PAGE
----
This month we caught up with multi-talented artist and illustrator Mandy Millie Flockton to find out what she’s been up to.
Please tell us about how you create your artwork. What is the process and what tools do you use?
I suppose I must be a bit of a Luddite at heart because I love the elemental interaction with ‘real’ media. Photoshop is an incredible tool but you just can’t replicate the ritual of cleaning palates, the smell of turpentine and linseed oil or the musical rattle of a brush being rinsed in a jar of water.
I work either purely traditionally or using a symbiosis of traditional and digital but always maintaining the traditional aesthetic. My digital work always begins life with traditional media and drawing; oil or acrylic on canvas, watercolour, dip pen, pencil. I scan and collage the elements digitally. I use filters and digital processing as little as possible to maintain the ‘hand’ in my work. Drawing underpins everything I do, whether it is observed or imagined.
What are your main sources of inspiration?
My inspiration comes from endless and diverse places in culture and history such as Medieval manuscripts, Victoriana, Louis Tiffany lamps, 50’s Atomic, Pre-Raphaelites, Disney, Islamic architecture… really, whatever I stumble upon that excites me. I adore the work of so many illustrators and artists but a couple on my love-list are Shaun Tan and Michael Sowa. I really enjoy character design and so much of that source comes from the many animals I’ve had in my life and their and personalities. I still view the world through my 6 year old eyes so joy, humour, energy and an innocent but slightly unhinged quirkiness permeate everything I do.
How did you get into illustration?
In an interview with a careers advisor at school, I was told I wasn’t clever enough for plan A. and I would be too tall for plan B. so I opted for plan C. – ‘Some kind of Artist’. (A. was Equine Vet and B. was Jockey). I always had a talent for art through school, but it was a love-hate relationship back then. It frustrated me enormously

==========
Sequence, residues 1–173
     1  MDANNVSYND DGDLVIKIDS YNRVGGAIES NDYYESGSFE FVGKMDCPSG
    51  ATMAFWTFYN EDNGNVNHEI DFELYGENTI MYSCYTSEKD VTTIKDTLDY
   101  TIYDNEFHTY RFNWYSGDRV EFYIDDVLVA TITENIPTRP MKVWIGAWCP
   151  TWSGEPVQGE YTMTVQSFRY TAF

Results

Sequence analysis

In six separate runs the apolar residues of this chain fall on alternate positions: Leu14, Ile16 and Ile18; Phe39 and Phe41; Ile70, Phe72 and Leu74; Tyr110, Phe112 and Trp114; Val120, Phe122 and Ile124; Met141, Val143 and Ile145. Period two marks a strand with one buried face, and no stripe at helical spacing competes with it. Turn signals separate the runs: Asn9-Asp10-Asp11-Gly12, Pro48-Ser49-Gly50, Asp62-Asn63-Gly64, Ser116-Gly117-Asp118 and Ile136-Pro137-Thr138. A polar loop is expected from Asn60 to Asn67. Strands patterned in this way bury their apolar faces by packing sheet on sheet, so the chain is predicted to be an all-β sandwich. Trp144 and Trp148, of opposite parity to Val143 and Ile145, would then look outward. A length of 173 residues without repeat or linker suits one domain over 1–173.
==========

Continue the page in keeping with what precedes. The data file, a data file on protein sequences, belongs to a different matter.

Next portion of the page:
After leaving school, ‘will draw or paint for cash’ became my maxim and I worked as a jobbing commercial and fine artist doing anything in any style and medium, from painting racehorses to tattooing and murals. Later in life I had the opportunity to study a degree and a Masters in Illustration at Falmouth University and I realised then, I’d actually been an illustrator all my life. I discovered the world of Children’s Picture books on my degree and my heart found a new home.
What are you currently working on?
Like most creative types I like to have more than one project cooking on the stove. Having my own Author-Illustrated Children’s picture books published is my main professional goal and turning all my stories into dummy books to pitch at publishers and writing new stories is ongoing. I have recently finished ‘Moustronaut’ and ‘Some Monsters’. ‘The Turnip Horse’ is now on my drawing board; a medieval tale featuring discontentment, knights and plump vegetables.
When I’m not working on commissioned illustration I’m fuelling my personal projects. These projects include Fauna Nation, an expanding bestiary of whimsical anthropomorphic animals, available as prints and other gifts. I’m also developing a sequel to Sweeney Todd. For a change this is dark humour aimed at an adult audience. The illustrations will be photographed 3D sets made from my own black and white drawings, inspired by the likes of Edward Gorey and Thomas Bewick. I have also just become a member of the Society of Equestrian Artists and I am working on new paintings for their upcoming annual exhibition.
What advice would you give to aspiring illustrators?
In no particular order…
1. Never listen to anyone who tells you Art is not a ‘proper’ job, It may take more dedication, self-belief and hard work than most career choices but if you really want to be an illustrator, don’t consider alternatives (only supplements). Being an illustrator is who you are, not what you do.
2. Draw, Draw, Draw
3. Never, ever (ever) work for free
4. Never close the door on your studio. When you have no paid work going on, always keep generating something new.
5. Grow a thick skin
6. Don’t avoid the things you find difficult, practice until you own them. Your flexibility as an artist will be the key to your long term survival.
7. Never throw in the towel… remember, there is no towel.
9. Follow your heart not the money and the money will follow (eventually)
10. Plug your work shamelessly, at any opportunity, by any and every means; internet, social media, mail and in person. Be your own greatest pimp.
See Mandy’s full portfolio HERE.